The Inter-American Commission on Human Rights (IACHR) issued Resolution 66/2023 on November 20, 2023, ‘to grant precautionary measures in favour of current members of the leadership of the Association of Displaced Persons of Catatumbo (ASODESCAT) in Colombia, in the belief that they face a risk of suffering irreparable harm to their rights’. This obliges Colombia to take specific actions to protect ASODESCAT from threats and attacks on its members.


A resident protests a deadly police operation in Baixada Santista in São Paulo, Brazil, on August 2, 2023.Amnesty International calls on the Brazilian Federal Government to implement a national plan to reduce homicides committed by police officers in the country. This follows police killings of at least 83 people between 28 July and 27 September in the State of Bahia. The State should engage with civil society, in particular with the black population, and follow international law and norms on the use of force. In 2022 the police killed more than 6,400 people, according to the Brazilian Forum of Public Security.

Human Rights Watch has published a new report on police killings in Brazil: They Promised to Kill 30. They focus on revenge killings, giving the example of the military police killing 28 people in response to the killing of a police officer in São Paulo State. Following interviews with the police and other bodies, victims and witnesses, HRW has documented torture, extrajudicial killings and the terror imposed by the police on some communities. In many cases the police and public prosecutors have covered up the evidence and the police Ombudsman for São Paulo has received death threats.

Following the burning of a train and 30 buses impeding workers from getting home and the closure of schools in Rio de Janeiro on 23 October, Amnesty International is calling on the authorities to take effective action. But this must be done without adopting actions that cause even more rights violations. Public security policy has been entirely dependent on repressive and abusive practices, combined with a lack of accountability in the corruption in State institutions. These have contributed to the alarming strengthening of militias and organized crime over many years.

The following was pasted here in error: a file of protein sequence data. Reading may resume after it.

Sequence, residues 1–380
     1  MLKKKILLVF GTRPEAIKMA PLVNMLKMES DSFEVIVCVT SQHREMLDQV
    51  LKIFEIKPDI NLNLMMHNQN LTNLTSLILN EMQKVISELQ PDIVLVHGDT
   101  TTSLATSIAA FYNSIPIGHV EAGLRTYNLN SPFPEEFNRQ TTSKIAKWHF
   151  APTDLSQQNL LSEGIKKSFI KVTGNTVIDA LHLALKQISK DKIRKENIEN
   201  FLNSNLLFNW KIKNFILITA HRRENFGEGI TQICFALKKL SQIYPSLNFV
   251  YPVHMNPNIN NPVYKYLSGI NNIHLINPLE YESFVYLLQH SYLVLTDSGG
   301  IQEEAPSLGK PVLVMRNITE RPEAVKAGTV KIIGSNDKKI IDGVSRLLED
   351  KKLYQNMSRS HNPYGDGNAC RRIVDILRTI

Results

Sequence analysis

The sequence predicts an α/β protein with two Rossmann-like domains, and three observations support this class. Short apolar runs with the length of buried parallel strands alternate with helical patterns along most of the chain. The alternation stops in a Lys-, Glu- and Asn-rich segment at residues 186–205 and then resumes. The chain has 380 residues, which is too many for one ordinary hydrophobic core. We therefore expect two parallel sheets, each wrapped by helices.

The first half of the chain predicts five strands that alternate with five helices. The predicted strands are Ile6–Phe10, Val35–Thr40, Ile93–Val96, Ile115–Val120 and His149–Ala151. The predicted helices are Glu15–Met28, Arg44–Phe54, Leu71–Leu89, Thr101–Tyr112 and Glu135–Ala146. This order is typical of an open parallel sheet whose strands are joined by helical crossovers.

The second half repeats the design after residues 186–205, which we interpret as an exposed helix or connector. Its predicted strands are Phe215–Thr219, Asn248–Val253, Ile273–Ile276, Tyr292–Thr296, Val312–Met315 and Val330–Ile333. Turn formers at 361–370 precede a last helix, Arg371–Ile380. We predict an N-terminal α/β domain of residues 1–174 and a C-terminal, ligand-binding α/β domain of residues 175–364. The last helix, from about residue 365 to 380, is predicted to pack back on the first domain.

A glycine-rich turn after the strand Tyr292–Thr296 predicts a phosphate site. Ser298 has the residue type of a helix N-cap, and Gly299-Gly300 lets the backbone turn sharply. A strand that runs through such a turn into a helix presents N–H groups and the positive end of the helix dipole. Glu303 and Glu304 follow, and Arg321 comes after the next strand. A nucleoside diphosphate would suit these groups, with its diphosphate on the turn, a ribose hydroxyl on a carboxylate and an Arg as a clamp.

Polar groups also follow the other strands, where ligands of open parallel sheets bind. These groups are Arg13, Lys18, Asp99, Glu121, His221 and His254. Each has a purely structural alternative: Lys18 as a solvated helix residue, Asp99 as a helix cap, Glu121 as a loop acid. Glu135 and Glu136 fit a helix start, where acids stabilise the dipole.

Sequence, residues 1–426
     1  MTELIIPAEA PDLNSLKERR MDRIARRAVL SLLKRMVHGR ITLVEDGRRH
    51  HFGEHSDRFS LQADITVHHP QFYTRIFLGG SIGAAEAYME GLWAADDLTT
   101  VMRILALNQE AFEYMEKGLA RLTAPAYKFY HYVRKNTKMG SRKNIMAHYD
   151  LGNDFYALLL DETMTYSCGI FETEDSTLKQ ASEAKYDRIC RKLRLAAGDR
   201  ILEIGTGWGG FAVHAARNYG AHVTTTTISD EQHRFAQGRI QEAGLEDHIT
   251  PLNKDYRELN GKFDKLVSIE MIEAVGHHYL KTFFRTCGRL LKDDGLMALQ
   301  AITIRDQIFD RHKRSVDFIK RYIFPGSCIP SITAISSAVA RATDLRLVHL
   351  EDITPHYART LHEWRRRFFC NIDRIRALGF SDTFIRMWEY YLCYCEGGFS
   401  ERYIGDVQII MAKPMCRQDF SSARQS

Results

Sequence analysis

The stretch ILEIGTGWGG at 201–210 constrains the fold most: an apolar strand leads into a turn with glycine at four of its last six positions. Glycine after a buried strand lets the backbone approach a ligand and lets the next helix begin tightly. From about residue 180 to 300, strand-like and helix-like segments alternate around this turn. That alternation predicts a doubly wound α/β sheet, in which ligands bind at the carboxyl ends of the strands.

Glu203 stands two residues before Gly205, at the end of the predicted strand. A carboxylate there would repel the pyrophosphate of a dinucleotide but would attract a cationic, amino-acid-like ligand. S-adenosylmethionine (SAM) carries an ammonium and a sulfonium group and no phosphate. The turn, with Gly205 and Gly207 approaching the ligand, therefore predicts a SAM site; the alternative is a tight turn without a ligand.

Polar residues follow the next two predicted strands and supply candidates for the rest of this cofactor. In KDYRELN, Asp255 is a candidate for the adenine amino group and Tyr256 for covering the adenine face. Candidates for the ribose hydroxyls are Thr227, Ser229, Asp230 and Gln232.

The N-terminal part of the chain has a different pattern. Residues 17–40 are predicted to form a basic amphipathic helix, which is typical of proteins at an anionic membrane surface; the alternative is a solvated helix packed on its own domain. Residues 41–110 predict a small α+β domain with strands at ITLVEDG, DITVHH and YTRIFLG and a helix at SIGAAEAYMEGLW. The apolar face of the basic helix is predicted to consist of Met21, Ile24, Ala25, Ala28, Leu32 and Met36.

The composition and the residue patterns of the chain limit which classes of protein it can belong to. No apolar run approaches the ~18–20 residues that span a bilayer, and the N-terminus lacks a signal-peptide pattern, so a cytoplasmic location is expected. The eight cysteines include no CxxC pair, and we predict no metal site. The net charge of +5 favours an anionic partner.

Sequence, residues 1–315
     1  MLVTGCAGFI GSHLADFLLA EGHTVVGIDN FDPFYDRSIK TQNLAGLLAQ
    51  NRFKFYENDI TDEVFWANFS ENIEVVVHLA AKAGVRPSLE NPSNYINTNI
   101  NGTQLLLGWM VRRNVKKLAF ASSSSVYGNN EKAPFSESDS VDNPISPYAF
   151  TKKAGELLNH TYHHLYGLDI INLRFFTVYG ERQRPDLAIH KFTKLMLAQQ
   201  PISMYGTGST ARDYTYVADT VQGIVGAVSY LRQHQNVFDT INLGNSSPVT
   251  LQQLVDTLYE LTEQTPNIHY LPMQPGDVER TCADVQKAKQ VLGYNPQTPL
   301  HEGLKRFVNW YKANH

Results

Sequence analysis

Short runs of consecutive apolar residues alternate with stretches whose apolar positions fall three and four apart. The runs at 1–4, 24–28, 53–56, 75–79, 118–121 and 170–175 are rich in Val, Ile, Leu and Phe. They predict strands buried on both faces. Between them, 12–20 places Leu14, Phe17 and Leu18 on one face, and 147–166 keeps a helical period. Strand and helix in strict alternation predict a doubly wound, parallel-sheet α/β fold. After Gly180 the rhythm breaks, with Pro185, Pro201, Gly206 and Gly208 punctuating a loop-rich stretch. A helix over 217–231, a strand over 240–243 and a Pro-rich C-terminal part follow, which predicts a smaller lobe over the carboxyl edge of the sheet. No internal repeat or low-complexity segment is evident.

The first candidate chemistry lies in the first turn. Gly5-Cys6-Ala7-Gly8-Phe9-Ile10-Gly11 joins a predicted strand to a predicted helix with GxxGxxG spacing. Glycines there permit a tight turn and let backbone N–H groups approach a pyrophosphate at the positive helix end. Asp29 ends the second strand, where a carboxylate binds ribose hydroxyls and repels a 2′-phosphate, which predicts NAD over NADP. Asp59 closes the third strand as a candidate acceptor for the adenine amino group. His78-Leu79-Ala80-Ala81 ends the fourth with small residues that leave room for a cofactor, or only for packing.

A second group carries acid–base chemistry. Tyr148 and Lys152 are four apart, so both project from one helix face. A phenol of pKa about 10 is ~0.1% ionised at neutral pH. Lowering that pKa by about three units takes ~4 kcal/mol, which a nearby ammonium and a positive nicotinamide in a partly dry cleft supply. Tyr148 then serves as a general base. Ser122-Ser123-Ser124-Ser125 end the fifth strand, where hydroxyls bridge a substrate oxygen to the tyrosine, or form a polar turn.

The Guardian reports on President Lula’s response to the increasing violence across the country by paramilitary groups, ‘militias’, and organised crime. The air force, navy and army have all been employed to protect airports, ports where drugs are exported, and the borders with Paraguay and Ecuador where much of the drugs are trafficked into Brazil. One security expert says, “We don’t have a plan. We have a gigantic problem – but what we see are impromptu movements from each of the different spheres of government to show that they are doing something.”


On 14 November, the Peruvian government issued a legislative decree dictating the expulsion of all foreigners with an irregular migratory status, putting at risk countless Venezuelans who were unable to apply for temporary protection before the 10 November deadline.  In a recent report, Regularization and Protection, Amnesty reminded Peruvian authorities of their international obligations regarding non-refoulement.   Amnesty has issued an update to its earlier Urgent Action calling on the Peruvian government to repeal this decree immediately.


The Venezuelan government has held a referendum on whether Venezuela has a claim to the oil-rich Essequibo region of neighbouring Guyana, claiming that 95% have voted for the government to adopt the territory as part of the Venezuelan state. However, there is scepticism regarding the Venezuelan government’s claim that 10.5 million people voted in the referendum, with the actual number believed to be much lower. Ex-president Hugo Chavez could only reach 10 million votes at the height of his popularity; there are currently 21 million people eligible to vote in the country.

Both countries have increased military activity on the Guyana-Venezuela border, with Brazil sending troops to its own frontier over concerns of escalation. The decision to hold the election is believed to have been made as a strategy to unite Venezuelan voters behind a common cause ahead of the Venezuelan presidential elections. The elections are due to be held in 2024, where issues such as Venezuela’s economic collapse and the fleeing of more than 7 million people out of the country are likely to be key issues.